Saturday, March 17, 2007

Lawyers for torture.

Marty Lederman finds the ever-odious John Yoo sharing more loose thinking to justify torture. It seems like Yoo gets away with shoddy work again and again, because fellow academics are reluctant to question his motives. His credentials are impressive, but the quality of his thinking, not so much. Lederman quotes Dave Glazier as stating that "One of the most fundamental problems with Yoo's logic is that he is simply ignorant of the law of war." By now, is this a surprise?

David Luban reviews Yoo's book, War By Other Means: An Insider's Account Of The War On Terror, in the March 15 issue of the New York Review of Books. (The web version is subscription-only.) Luban, too, finds fundamental problems:
A single argument lies at the core of Yoo's book. The struggle against al-Qaeda, he insists, is a war rather than a matter of law enforcement. Therefore, in his view, the president's powers as commander in chief apply full force in the fight against al-Qaeda. . . .

Furthermore, Yoo writes, the unconventional nature of al-Qaeda and is tactics "erases the traditional boundaries between the battlefield and the home front." Therefore the battlefield can be anywhere; and on the battlefield, the commander in chief calls the shots, both figuratively and literally. . . .

The central contradiction, which Yoo never overcomes, is that while he insists the US is fighting a new kind of war, he also insists that it should be fought with the full panoply of traditional war powers. But these war powers were designed for conflicts in which the enemy is in uniform and belongs to an identifiable foreign government, and whose duration and conclusions are defined by victories, surrenders, and peace treaties.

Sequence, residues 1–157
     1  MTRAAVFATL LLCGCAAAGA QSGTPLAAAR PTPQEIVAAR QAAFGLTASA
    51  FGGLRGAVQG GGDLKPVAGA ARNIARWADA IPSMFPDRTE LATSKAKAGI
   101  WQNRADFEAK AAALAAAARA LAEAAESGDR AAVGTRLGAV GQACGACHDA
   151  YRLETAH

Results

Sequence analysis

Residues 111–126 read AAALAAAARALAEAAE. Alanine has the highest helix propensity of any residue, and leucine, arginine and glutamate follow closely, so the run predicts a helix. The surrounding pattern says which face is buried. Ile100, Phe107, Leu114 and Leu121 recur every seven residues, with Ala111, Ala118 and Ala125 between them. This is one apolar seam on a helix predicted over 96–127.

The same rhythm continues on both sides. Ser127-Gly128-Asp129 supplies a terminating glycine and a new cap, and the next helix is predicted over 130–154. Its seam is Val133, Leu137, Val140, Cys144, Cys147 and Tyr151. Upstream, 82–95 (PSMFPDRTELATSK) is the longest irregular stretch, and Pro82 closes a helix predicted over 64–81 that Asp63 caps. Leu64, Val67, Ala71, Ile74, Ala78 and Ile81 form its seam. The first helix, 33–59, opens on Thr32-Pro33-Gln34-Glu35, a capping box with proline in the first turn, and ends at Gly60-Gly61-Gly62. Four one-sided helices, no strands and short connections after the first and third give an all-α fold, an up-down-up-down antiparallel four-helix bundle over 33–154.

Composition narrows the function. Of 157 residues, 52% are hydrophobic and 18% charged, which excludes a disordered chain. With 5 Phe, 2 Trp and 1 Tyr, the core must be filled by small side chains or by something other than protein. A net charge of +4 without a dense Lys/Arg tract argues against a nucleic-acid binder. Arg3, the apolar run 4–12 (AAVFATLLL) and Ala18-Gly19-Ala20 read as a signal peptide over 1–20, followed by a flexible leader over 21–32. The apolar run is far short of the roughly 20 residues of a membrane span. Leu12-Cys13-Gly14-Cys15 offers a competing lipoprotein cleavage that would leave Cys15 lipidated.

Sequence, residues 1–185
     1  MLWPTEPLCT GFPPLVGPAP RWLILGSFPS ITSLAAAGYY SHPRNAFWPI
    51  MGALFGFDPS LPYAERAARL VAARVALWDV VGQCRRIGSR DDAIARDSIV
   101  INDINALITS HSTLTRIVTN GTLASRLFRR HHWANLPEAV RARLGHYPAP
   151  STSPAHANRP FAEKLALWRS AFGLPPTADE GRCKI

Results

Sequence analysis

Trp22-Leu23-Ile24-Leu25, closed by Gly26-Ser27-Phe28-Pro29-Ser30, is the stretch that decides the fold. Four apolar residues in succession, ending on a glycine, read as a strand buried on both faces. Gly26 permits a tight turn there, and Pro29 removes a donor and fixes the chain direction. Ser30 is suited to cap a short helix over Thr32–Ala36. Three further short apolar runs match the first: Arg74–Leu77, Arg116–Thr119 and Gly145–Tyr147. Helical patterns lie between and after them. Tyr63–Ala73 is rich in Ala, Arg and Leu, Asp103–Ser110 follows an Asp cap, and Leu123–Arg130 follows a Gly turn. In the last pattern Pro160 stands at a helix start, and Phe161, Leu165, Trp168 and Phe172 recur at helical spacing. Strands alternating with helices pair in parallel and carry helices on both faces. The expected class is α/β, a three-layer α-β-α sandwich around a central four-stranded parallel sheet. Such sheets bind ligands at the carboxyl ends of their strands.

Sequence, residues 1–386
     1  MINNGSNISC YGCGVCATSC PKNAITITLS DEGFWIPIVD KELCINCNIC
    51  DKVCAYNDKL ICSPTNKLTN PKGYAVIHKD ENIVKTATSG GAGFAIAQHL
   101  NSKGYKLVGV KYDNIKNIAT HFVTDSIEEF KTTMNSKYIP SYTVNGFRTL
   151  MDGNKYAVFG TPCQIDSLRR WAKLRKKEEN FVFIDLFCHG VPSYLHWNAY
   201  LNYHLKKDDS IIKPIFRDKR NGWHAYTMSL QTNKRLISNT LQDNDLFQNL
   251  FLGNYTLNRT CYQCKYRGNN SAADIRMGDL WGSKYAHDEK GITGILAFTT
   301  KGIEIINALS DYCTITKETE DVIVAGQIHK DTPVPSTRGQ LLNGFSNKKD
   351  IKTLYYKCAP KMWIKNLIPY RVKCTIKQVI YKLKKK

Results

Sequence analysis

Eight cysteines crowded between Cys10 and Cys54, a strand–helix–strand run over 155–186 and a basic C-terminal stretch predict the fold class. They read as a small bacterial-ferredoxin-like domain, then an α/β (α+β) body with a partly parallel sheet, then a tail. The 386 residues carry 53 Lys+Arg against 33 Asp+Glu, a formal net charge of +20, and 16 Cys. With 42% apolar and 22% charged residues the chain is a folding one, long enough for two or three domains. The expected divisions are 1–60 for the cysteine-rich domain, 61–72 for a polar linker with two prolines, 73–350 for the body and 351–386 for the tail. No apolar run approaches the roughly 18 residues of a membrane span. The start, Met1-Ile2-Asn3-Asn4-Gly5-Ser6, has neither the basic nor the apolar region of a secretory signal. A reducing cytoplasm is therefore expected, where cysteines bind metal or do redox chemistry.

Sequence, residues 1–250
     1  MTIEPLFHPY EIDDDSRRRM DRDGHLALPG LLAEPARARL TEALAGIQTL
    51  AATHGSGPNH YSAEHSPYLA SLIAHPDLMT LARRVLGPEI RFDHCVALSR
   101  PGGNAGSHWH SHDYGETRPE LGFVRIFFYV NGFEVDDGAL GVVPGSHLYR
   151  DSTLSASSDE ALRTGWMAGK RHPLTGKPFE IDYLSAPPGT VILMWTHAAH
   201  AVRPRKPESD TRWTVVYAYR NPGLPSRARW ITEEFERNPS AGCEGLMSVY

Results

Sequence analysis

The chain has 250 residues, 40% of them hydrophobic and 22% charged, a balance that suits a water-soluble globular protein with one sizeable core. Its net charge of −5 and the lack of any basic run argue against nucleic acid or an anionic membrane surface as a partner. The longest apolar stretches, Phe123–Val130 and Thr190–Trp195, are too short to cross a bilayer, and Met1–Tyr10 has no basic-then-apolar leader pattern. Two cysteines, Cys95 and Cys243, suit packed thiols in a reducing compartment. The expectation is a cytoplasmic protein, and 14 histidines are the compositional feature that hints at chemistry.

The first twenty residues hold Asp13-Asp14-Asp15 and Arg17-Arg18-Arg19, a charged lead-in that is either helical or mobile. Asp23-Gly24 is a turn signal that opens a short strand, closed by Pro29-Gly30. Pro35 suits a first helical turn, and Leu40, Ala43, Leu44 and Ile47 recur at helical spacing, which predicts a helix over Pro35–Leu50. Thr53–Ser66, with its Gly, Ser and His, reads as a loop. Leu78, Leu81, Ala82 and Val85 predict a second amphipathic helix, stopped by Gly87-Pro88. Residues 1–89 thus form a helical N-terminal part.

And as Luban explains, George Washington's powers as commander in chief were constrained in all sorts of ways Yoo does not acknowledge.

Luban calls Yoo out for what he omits:
Yoo argues forcefully and intelligently, but not always honestly. Half-truths, straw men, double standards, selective quotations, significant omissions, and caricatures of his opponents' positions -- all are characteristic of War By Other Means.
And Luban follows through, cataloging misrepresentation after facile overstatement.

Can one read Yoo's work and think that he is searching for some fidelity to the framers' vision? It seems more like a pretense, or perhaps a form of intellectual gamesmenship. As Lederman notes, Yoo's philosophy appears at bottom to be utilitarian, that the end justifies the means. That also appears to be his intellectual style.

This is what happens when you assign legal interpreting to lawyers. Or maybe to an apostate originalist.
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